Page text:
Lyndsey Beaulieu was born and raised in New Orleans but moved away to attend the University of Virginia. After college she lived in Los Angeles where she became part of the HBO family as an assistant at the HBO offices, then as a Writers' Assistant on ‘Big Love.’ She has been with ‘Treme’ since the pilot and currently works as the Writers' Office Coordinator.

 

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Saturday
Dec072013

Patois Oyster Stew With Pan Fried Grouper and Fried Parsnips

by Lolis Eric Elie

 

When we met Janette Desautel in Season 1, she was cooking at her eponymous restaurant, Desautel’s. Later, after moving to New York in Season 2, she passes by her former space: It’s become Patois, a new restaurant. In the first episode of Season 4, Janette sits down for meal and the bar and extends her compliments to the chef, Aaron Burgau.

Burgau is a real life New Orleans chef and his restaurant is one of the city’s best -- which means I had to get a recipe from him for “Treme: Stories and Recipes from the Heart of New Orleans.” He chose Oyster Stew with Pan-Fried Grouper and Fried Parsnips.

I got a chance to talk to Aaron recently about his experiences in front of the camera and behind the stove.

 

In the first season, when we were filming at your restaurant Patois, what was it like to be on set?

It was fun. Originally, they got me to be a site rep and I made friends all those guys. Then I started getting more involved because the props guy at the time didn't really know the kitchen that well. Susan Spicer was the main consulting person. She came up with the menus and I cooked the food. I got to learn a lot about how it works behind the scenes, and how they shoot one scene four different times from four different angles. I learned about the fake ice the use in the drinks on set so it never melts.

 

How did you get into professional cooking?

I went to Johnson & Wales in Vail, Colorado. I already had a college degree from LSU. I got a psychology degree from LSU and said the only thing I really know how to do well is cook -- I started working in restaurants in New Orleans when I was 14. I knew I had to go to culinary school. Every kitchen job I’ve ever had, waiter, bar back, bus boy, I’ve excelled at it. I never left a job on bad terms. I did all rudimentary things in high school and all during college. If I wasn’t reading school books, I was reading cookbooks and recipe books.

 

What was it like to work with Susan Spicer at Bayona?

It was rough. I came in and got the job as the grill person and I was the low man on the totem pole. After about four months of working there I was voted on by my sous chefs to become a tournant, or roundsman, which meant I worked all the stations, helping out anywhere someone was behind or absent. It was a great honor considering it was my first job out of culinary school. Susan was a great teacher. She taught me to have an eye for detail, to think like a cook. Most home cooks, people who learned to cook at home, they read a recipe and they follow a recipe, but a recipe doesn’t have all the answers all the time. Thinking like a cook means thinking about what you are doing, not just going through the motions. It’s OK to deviate from recipes unless you’re baking. You’re not really inventing the wheel.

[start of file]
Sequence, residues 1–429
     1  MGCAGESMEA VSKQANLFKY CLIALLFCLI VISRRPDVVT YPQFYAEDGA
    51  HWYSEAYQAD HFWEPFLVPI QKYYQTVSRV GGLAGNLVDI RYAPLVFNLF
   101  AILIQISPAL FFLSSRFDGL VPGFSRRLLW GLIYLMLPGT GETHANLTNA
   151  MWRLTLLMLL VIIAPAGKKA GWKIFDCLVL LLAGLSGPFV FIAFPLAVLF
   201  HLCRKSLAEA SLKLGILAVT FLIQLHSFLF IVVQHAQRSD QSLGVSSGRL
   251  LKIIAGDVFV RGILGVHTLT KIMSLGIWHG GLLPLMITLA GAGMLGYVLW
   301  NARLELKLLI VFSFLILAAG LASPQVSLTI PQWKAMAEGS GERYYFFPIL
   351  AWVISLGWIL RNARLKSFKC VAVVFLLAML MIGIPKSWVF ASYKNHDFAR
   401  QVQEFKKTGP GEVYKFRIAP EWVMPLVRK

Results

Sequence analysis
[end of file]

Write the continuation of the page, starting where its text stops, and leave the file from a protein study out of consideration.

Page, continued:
I got to spend a lot of time Susan -- she even invited me to the Taste of the NFL with her which was a highlight of my young career. Since I was up and coming, I was scared to mess up. Some kids, they fuck up and they don’t care. Around her, I was afraid to fuck up! Ten years after I had worked with her, I was freelancing before I opened Patois and she asked if I could fill in because she was shorthanded. It was fun to see things kind of come full circle.

 

How would you describe your approach to food? How do you combine your New Orleans roots with your other influences at Patois?

I just like good flavors. Patois means being a mishmash of different things; when I read what the name meant, it made sense. I didn't want to pigeonhole myself into being just a French restaurant. I wanted to be able to have a wide range of food on the menu. I like when it’s hard to decide what to order. I could to a whole French menu and a whole Asian menu. But that’s not what I want to do.

 

Why did you open TruBurger? Why a burger shop?

There are so many of them now, but I had a couple of ideas. We opened that whole place for $120,000. It was a challenge to figure out how cheap we could open up for and still do great food. We serve the same beef that Danny Meyer serves at Shake Shack and what Michael White serves at Marea.

 

Tell us about the restaurants youre affiliated with now.

Oak’s really not mine. I helped out with the menu and helped hire some people. I’ve had people come to me to open a barbecue place or with ideas for an Asian place. The latest thing on my mind is opening a seafood restaurant -- anything’s possible.

 

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